In January 1952, medical student Ernesto (Gael García Bernal) and biochemist Alberto (Rodrigo de la Serna) set out on an eight-month road trip from Buenos Aires to discover the real Latin America. When they arrive at a leper colony deep in the Peruvian Amazon, the two begin to question the value of progress as defined by economic systems that leave so many people beyond reach, redefining the ethical and political journey they will take in their lives. Based on the books The Motorcycle Diaries by Ernesto Guevara and With Che Through Latin America by Alberto Granado. Directed by Walter Salles (Central Station).
The Motorcycle Diaries • by director Walter Salles
There’s something in this original journey these two young men took that may be very pertinent for today’s society. They believed that change could occur. And we live in an age where everybody tries to tell you that change cannot occur anymore.
You know, these are very conservative times. And maybe, maybe there’s a way to look at this in the complete reverse angle, that yes, utopia is something that is reachable. It’s not only a distant concept. It’s important not to live other people’s lives vicariously through television, but to go on the road, and then to see for yourself, in what kind of society we live. And these two kids, they had the courage to jump on their bike and to experience something that they didn’t know of. And they changed, thanks to their sensibilities.
What was fascinating about The Motorcycle Diaries to start with was the fact that it was not only a journey of self-discovery but a journey about two young characters whose identities crystallize when they enter in contact with a very specific social and political reality.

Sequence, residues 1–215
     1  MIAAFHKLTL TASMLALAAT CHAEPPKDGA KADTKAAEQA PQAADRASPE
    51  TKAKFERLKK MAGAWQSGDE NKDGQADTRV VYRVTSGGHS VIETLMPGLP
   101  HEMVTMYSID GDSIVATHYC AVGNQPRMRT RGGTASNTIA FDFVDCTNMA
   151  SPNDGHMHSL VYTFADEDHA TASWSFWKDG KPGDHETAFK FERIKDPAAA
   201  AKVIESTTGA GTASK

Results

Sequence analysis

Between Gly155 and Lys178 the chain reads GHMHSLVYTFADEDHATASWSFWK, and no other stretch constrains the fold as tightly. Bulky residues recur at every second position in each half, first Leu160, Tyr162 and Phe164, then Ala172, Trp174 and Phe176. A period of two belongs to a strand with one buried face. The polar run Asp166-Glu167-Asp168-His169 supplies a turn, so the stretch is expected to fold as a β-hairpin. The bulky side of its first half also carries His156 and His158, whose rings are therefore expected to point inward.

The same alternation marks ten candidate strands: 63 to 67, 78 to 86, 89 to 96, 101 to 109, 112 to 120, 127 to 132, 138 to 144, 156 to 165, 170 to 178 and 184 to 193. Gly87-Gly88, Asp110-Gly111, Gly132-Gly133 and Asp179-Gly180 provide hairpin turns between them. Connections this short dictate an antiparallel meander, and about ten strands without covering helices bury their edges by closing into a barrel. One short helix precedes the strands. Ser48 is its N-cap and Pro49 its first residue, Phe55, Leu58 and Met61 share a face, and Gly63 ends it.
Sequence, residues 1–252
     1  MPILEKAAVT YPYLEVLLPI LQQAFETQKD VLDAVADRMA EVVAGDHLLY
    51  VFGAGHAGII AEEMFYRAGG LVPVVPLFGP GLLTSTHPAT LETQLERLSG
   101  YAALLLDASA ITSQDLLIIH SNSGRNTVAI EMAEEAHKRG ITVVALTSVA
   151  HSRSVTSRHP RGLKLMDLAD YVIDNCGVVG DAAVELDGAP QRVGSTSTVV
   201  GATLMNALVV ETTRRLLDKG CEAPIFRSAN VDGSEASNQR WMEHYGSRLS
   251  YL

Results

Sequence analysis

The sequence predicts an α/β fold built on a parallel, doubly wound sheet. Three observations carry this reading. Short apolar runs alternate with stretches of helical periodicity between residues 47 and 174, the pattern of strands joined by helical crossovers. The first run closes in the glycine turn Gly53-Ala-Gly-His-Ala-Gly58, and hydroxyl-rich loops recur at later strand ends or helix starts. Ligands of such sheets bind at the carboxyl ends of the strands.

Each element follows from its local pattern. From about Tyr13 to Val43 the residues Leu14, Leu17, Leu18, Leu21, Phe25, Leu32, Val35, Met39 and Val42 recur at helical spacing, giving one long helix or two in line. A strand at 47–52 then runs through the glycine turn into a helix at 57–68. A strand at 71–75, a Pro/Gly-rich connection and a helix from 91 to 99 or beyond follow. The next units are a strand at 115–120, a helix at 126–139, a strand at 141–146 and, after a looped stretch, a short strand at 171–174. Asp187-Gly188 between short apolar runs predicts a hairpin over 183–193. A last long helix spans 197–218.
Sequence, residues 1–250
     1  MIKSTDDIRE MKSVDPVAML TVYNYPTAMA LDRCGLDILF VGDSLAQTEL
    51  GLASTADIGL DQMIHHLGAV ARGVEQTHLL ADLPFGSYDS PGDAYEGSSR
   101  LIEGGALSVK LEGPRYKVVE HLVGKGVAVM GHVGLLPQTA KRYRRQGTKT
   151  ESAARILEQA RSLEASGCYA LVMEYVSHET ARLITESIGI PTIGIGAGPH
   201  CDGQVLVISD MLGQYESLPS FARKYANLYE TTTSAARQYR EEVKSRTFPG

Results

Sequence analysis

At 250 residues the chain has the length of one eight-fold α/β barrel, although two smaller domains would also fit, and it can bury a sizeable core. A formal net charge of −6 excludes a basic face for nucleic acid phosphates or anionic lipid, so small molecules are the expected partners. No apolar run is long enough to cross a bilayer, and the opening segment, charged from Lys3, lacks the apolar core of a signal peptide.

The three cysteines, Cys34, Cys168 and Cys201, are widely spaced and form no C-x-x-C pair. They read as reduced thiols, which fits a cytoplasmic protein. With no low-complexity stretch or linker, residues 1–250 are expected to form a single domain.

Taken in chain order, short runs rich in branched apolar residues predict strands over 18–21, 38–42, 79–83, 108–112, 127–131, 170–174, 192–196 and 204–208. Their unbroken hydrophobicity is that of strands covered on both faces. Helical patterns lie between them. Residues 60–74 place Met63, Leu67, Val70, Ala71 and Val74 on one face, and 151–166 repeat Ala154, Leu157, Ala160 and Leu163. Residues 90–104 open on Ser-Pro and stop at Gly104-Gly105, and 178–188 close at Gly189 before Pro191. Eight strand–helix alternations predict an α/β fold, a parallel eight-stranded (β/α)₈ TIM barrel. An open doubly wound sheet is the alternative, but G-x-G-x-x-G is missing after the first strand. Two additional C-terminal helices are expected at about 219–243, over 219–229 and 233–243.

Every single young man growing up in Latin America understands Che’s policy and what it meant, not only to the continent, but also to our present history. And I knew how his ideals had reshaped my own continent. I had an admiration for what he stood for. But I didn’t understand his whole journey. This trip, for instance, this first journey throughout Latin America, was only published in 1993. Every young man who was born in Latin America understands Che’s personal odyssey. I mean, he’s somebody who fought for his ideals. He is somebody who had the integrity to say what he believed in, and then to fight for what he said. Rare are the political men who stand for that. Rarer today, even, than it was in the ’60s. He’s a man that believed that change was necessary and change could occur. And that utopia was not only a distant concept.
I first saw Gael García Bernal in Amores Perros and I was very, very impressed, by not only his versatility as an actor, but also by how internal his performance was. It’s very rare in young actors who tend sometimes to be a little bit larger than life, you know, in their ways of interpreting a character. Gael, in the opposite, was, at the same time, extremely expressive and economical. I think he is very simply one of the most talented actors I’ve ever worked with. Not only the best actor of his generation, he’s more than that. He’s got the soulfulness, the density that was required for this. Not only the talent, but also this richness in his own soul that was really fundamental to play this character.